The reason I bought this book was the finer print inside of it's title: "Surviving One That Isn't." This book gave countless examples of mega-(_|_)'s in the workplace, but unless you're a trust-fund baby, we've all worked with our share and don't need endless examples and reminders of why we bought this book. What we need is, what we expect the book to deliver, sound advice on how to navigate the corporate landscape that's riddled with these bastards, while not becoming one of their roadkill along the way.

I really wanted to like this book. It had been highly recommended by a colleague and I'd researched the author and read some of his previously published articles before I actually purchased the book. However, that's precisely my other issue with this book-it was my experience that the author had taken a few previously published articles, and then tried to stretch them out into a book. To that end, throughout the book there were the same few corporate case-studies being used in the examples.

If you want to be reminded of how awful these types of jerks can be, go buy the book, but don't expect any relief from it.
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on February 2, 2011
This book was useless. I read it because I'm dealing with female co-workers who treat me poorly. Treat me like I'm invisible or like I'm stupid, give me looks, little comments, and tone of voice make my feel like dirt every day. I've tried to make nice with no success.

After reading the preview for this book on Amazon, and great reviews, I thought this would help me deal or cope with the situation. It did not. The dirty dozen list at the beginning of the book seemed like a home run. But he never went detail on it. It was just a list! The book was simply not specific enough. The book talks too much theory. Half of the book was more about not hiring A's and how to put it into practice as a business strategy. Another chunk was about how to tell if you are an A yourself and how to not be an A. Another chunk was about the benefits of being an A. And studies and stories throughout about extreme A's who scream at people which most of us don't have to deal with. (THAT I'd know how to deal with - leave!)

The only thing missing was what I actually needed = specific things to do or say to help deal with the A's who subtly but very clearly make me feel worthless.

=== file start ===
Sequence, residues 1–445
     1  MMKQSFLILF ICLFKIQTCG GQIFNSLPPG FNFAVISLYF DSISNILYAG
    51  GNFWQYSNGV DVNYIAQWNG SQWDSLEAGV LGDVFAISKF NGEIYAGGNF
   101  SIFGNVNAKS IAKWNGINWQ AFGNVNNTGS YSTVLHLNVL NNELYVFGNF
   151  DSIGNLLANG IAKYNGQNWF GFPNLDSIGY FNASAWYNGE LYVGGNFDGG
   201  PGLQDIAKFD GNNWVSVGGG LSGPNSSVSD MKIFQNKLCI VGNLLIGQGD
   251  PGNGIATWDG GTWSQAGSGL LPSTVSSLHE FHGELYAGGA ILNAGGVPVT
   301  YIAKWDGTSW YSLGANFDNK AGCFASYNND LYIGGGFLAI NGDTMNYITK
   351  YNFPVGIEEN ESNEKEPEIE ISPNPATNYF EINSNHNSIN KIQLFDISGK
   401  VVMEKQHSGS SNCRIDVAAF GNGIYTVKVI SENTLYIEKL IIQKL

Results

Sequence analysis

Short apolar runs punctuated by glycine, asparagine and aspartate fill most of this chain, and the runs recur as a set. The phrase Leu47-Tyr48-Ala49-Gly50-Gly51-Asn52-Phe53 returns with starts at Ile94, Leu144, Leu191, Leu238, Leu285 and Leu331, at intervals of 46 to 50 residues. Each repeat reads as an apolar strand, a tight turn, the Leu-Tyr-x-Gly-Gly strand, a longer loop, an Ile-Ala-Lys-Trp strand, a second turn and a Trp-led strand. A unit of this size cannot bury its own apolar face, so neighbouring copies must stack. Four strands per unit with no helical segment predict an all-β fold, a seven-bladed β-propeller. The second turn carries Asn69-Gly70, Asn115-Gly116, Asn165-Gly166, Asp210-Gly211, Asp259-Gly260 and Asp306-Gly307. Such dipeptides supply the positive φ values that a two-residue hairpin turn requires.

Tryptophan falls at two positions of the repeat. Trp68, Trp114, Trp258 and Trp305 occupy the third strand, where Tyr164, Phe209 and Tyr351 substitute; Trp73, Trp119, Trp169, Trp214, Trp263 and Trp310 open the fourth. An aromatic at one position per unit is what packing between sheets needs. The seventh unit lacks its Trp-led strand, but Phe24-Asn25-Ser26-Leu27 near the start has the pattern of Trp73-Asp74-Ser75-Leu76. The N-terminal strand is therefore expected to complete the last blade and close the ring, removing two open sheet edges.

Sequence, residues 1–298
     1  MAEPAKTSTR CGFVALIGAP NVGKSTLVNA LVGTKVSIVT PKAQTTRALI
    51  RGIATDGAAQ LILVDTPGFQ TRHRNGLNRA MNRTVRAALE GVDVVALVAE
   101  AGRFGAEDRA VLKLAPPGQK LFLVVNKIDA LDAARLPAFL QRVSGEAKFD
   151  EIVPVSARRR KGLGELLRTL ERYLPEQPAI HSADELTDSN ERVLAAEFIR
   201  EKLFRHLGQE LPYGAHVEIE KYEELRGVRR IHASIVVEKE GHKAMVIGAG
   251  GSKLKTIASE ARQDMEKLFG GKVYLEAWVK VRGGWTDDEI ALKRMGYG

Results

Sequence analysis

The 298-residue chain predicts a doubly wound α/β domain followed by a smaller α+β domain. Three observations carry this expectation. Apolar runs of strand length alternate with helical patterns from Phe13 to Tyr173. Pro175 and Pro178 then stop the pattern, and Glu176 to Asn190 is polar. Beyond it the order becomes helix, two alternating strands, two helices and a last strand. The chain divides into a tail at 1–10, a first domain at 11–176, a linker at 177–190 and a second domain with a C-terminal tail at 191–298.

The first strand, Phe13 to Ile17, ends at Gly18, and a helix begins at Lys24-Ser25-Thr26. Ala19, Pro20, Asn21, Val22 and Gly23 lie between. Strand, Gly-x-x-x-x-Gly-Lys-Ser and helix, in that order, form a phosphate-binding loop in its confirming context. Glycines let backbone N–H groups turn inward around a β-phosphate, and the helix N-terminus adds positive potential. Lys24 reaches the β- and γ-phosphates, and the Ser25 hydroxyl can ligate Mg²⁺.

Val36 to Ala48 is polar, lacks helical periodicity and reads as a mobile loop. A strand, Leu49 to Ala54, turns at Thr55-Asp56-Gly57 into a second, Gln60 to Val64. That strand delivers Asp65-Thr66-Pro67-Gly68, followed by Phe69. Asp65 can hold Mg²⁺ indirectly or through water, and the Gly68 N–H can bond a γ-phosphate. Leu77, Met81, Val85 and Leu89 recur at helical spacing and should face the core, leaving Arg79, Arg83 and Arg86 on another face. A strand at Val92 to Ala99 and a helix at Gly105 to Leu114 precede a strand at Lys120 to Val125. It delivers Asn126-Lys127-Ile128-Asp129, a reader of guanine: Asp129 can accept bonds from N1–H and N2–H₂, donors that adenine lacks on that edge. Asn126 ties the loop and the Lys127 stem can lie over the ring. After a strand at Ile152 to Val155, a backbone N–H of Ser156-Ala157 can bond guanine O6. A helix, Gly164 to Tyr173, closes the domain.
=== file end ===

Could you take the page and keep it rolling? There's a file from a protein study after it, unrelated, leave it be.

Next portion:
I think there were a couple paragraphs on how to reframe or detach which you have likely heard before and is easier said than done.

I was puzzled by the high reviews... so just now I read some of the 5 star reviews. Many seem unnatural and like an ad for the book, not a real review. Don't know if they are real or fake, but you may want to use a little skepticism?
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on March 20, 2007
This book has clearly struck a cord, for good reason: it's an important book about an important topic. People are tired of having their workplaces poisoned by the behavior of a few a-holes.

I know Bob through Stanford so I admit that I may be biased, but I know lots of people who have written management books and haven't endorsed them. Bob has thought deeply about this topic as a researcher, teacher, and expert on organizations. The book is not only wise, it's a pleasure to read. Bob is great at taking solid research and making it relevant and fun.

Here are three reasons to buy this book:

1) Understand your workplace. This book weaves together front-line academic research on why powerful people behave badly, how workplaces can become toxic, and why bad behavior spreads like a virus (but optimism can as well).

2) Fix your workplace. For anyone who has put up with nasty bosses and demeaning coworkers, this book shows you how organizations ranging from law firms to retail stores, from JetBlue to Google, have protected their employees from bad behavior.

3) Change your interactions. This book shows you how to avoid being a victim of a-holes in your workplace and community. It also helps you recognize when you might be the a-hole, and gives you hints on how to achieve your goals without lapsing into bad behavior.

Bob has the reputation among students and faculty of being one of the nicest people at our university and he works in a group of researchers that has the reputation of being an extremely supportive place for graduate students. Universities often breed arrogant behavior, so Bob's reputation (and that of his group) testifies to his ability to put ideas into practice. This book will help you and your organization.
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on March 2, 2007
Although I have only read the first three chapters, I am a believer!! It really is golden for all of us because at one time or another we'll have to survive one of these workplaces. I wish I had this book to read when I was in that type of workplace. I wouldn't have suffered as much as I did, and would have had concrete methods of how to handle situations.

Also, don't let the somewhat abrasive A** title deter you from reading this book. It kept me away from picking up this book to read it at first.

This book also has the potential of being cathartic for those who have had to survive a horrible workplace environment. I too worked in a toxic environment with an insensitive, demeaning and oppressive boss. Every criticism was passive-agressive so it took me some time to realize my slowly deteriorating capacity to serve. She would talk down to my administrative associate and myself to keep us in the "place" she thought we should be. When we did things to better our project and make it the best it could be or provide helpful suggestions, she would accuse me of wanting all the "control"...(yeah, it was a nightmare!!!) This books speaks to that kind of paranioa in the workplace and that sometimes not matter how much you love a job, some can make it unbearable.